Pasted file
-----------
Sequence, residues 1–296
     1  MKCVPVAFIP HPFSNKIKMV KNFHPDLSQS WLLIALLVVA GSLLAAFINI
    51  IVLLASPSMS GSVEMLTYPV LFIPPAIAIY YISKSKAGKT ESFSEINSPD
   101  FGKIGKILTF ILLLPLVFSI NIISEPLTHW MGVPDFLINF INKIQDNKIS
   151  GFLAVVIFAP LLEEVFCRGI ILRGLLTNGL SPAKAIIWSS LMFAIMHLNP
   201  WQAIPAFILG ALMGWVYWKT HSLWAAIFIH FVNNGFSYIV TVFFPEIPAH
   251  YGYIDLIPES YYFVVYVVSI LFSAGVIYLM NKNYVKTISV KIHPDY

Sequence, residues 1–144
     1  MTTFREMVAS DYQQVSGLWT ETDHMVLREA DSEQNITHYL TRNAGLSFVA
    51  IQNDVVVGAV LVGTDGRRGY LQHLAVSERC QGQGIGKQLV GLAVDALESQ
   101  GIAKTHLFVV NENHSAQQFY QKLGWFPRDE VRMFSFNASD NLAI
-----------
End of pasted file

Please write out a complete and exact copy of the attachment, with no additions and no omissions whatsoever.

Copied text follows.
Sequence, residues 1–296
     1  MKCVPVAFIP HPFSNKIKMV KNFHPDLSQS WLLIALLVVA GSLLAAFINI
    51  IVLLASPSMS GSVEMLTYPV LFIPPAIAIY YISKSKAGKT ESFSEINSPD
   101  FGKIGKILTF ILLLPLVFSI NIISEPLTHW MGVPDFLINF INKIQDNKIS
   151  GFLAVVIFAP LLEEVFCRGI ILRGLLTNGL SPAKAIIWSS LMFAIMHLNP
   201  WQAIPAFILG ALMGWVYWKT HSLWAAIFIH FVNNGFSYIV TVFFPEIPAH
   251  YGYIDLIPES YYFVVYVVSI LFSAGVIYLM NKNYVKTISV KIHPDY

Sequence, residues 1–144
     1  MTTFREMVAS DYQQVSGLWT ETDHMVLREA DSEQNITHYL TRNAGLSFVA
    51  IQNDVVVGAV LVGTDGRRGY LQHLAVSERC QGQGIGKQLV GLAVDALESQ
   101  GIAKTHLFVV NENHSAQQFY QKLGWFPRDE VRMFSFNASD NLAI